6. Gear is breaking
If you're a musician /band on a budget, (which most professional working players are), you can't expect your gear to last forever. Sure, sometimes gear breaks on the very first show that you'll use it on. That doesn't mean you should cancel the next gig. But if you've been playing for what feels like forever and your guitar frets buzz more than they sing, you might need to take some time off.
Just like a singer's voice can't go night after night forever, neither can your gear. Amps blow out, electric circuits fry, drum stands collapse mid-show. It's not fun for anyone, but it happens. And, if it's occurring far too often for you, you're probably pushing your schedule past the point at which you can have the spare time needed to maintain your equipment properly.So, be sure to take the time you need to always check and maintain your gear.
7. You're not having fun anymore
This is a sure sign that you've been gigging, composing or teaching a little too much and working far too hard. The point of being a full-time musician, writing music, teaching students and playing shows in the first place is to have a good time, blow off some steam, and feel the music live. If you're working in this business just to get a paycheck or to keep the band busy, you might want to take a break from things and re-evaluate your approach.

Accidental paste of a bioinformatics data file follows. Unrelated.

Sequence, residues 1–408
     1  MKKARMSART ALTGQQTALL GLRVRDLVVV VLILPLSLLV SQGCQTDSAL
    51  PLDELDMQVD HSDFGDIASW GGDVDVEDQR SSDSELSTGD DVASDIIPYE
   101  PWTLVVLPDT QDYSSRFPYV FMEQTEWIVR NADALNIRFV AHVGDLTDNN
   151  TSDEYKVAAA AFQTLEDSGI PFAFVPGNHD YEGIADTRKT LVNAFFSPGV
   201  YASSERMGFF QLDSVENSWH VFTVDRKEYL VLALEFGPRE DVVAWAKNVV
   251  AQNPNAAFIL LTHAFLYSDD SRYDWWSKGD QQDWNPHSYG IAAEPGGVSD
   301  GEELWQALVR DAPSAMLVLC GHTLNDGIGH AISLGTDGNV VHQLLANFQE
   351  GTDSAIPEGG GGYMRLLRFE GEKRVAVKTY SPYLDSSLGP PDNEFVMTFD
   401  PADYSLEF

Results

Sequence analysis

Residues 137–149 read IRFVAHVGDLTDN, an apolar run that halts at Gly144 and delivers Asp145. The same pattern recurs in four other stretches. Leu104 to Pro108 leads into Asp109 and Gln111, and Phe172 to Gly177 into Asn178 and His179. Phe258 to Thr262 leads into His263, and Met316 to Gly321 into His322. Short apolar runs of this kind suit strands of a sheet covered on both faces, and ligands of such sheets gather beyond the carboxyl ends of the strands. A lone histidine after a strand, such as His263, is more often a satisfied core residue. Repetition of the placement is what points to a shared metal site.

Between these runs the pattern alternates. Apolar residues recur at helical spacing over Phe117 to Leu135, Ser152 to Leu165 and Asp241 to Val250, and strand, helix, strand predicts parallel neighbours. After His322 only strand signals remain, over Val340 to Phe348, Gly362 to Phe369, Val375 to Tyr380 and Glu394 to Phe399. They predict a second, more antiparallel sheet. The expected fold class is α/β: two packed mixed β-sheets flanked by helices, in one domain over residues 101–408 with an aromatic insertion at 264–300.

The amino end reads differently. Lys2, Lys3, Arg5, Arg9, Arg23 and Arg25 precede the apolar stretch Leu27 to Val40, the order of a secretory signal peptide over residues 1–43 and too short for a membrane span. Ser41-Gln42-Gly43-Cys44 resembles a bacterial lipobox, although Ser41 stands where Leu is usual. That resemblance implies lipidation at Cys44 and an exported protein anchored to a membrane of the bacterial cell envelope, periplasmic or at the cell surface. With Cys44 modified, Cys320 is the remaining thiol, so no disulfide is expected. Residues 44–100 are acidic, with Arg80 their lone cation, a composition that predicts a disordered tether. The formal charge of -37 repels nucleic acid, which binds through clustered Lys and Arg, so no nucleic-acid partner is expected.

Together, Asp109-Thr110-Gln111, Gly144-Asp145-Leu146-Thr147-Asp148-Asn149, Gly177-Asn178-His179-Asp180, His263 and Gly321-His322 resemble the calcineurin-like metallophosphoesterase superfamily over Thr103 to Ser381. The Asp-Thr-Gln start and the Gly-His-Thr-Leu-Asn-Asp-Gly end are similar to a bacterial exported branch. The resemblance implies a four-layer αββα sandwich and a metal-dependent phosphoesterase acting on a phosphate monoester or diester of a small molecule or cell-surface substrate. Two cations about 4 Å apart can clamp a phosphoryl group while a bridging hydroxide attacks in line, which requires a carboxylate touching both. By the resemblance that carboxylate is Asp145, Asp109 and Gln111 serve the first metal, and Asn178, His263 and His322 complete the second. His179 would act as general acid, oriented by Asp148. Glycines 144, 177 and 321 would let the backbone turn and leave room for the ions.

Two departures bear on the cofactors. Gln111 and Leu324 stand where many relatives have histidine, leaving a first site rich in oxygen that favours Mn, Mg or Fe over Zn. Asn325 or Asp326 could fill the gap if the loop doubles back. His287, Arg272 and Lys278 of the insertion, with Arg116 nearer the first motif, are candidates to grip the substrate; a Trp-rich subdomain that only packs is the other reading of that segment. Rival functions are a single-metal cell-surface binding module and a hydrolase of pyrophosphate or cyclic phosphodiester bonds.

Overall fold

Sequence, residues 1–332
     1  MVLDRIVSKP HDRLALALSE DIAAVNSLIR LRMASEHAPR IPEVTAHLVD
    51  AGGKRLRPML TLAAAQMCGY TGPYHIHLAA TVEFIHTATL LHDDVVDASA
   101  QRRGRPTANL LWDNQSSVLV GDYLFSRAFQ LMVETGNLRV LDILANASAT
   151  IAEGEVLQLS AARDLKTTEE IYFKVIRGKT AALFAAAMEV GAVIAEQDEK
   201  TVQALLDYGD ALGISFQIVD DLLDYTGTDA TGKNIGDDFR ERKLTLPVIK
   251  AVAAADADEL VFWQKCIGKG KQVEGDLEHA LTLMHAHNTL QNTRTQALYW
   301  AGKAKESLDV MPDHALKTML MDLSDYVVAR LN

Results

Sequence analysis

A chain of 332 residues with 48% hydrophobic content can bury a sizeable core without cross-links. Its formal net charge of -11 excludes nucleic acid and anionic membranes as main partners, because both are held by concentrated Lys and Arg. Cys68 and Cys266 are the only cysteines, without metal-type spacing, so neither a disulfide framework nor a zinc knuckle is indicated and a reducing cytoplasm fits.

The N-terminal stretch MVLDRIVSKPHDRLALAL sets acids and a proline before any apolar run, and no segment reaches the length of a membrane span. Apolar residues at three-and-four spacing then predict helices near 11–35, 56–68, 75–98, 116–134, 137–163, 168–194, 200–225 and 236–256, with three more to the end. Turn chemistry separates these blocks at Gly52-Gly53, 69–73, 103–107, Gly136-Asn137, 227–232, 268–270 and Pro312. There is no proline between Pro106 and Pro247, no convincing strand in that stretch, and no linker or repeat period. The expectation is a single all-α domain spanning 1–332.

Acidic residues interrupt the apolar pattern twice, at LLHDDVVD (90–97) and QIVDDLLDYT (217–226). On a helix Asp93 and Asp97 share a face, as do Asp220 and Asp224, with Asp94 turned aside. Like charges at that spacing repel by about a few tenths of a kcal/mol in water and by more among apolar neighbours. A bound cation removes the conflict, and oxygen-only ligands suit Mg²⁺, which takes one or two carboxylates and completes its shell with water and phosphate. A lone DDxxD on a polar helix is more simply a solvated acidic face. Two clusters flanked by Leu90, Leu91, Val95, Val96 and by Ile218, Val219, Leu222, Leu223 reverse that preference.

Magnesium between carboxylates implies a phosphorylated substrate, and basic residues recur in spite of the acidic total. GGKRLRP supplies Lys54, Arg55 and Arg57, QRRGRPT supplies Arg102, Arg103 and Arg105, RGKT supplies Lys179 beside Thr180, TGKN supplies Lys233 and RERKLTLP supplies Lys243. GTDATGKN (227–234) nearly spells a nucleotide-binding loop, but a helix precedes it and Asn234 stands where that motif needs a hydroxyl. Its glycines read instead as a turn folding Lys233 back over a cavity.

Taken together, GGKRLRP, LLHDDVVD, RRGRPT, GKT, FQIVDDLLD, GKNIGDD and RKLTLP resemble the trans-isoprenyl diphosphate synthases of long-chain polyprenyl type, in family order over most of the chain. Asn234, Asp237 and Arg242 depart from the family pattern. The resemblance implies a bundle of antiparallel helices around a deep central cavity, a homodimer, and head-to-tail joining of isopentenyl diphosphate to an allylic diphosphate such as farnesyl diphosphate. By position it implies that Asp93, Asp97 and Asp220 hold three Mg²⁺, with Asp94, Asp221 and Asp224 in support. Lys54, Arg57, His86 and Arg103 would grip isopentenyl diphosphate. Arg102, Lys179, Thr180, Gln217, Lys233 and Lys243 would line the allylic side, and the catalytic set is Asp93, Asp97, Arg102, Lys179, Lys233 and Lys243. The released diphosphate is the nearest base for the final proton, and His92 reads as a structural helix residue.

Your audience can always tell when you're not having a good time, no matter how great you think you are at putting on a show. While your heart may not be in it every night, it's important to generally enjoy working, if you're going to be a pro-musician full-time.
It's a necessary evil for some musicians who dislike it, but try to find the fun in it. If you're straight up dreading each hour in the music or teaching studio or each night's gig, that's probably a big-time sign that you need to scale things back!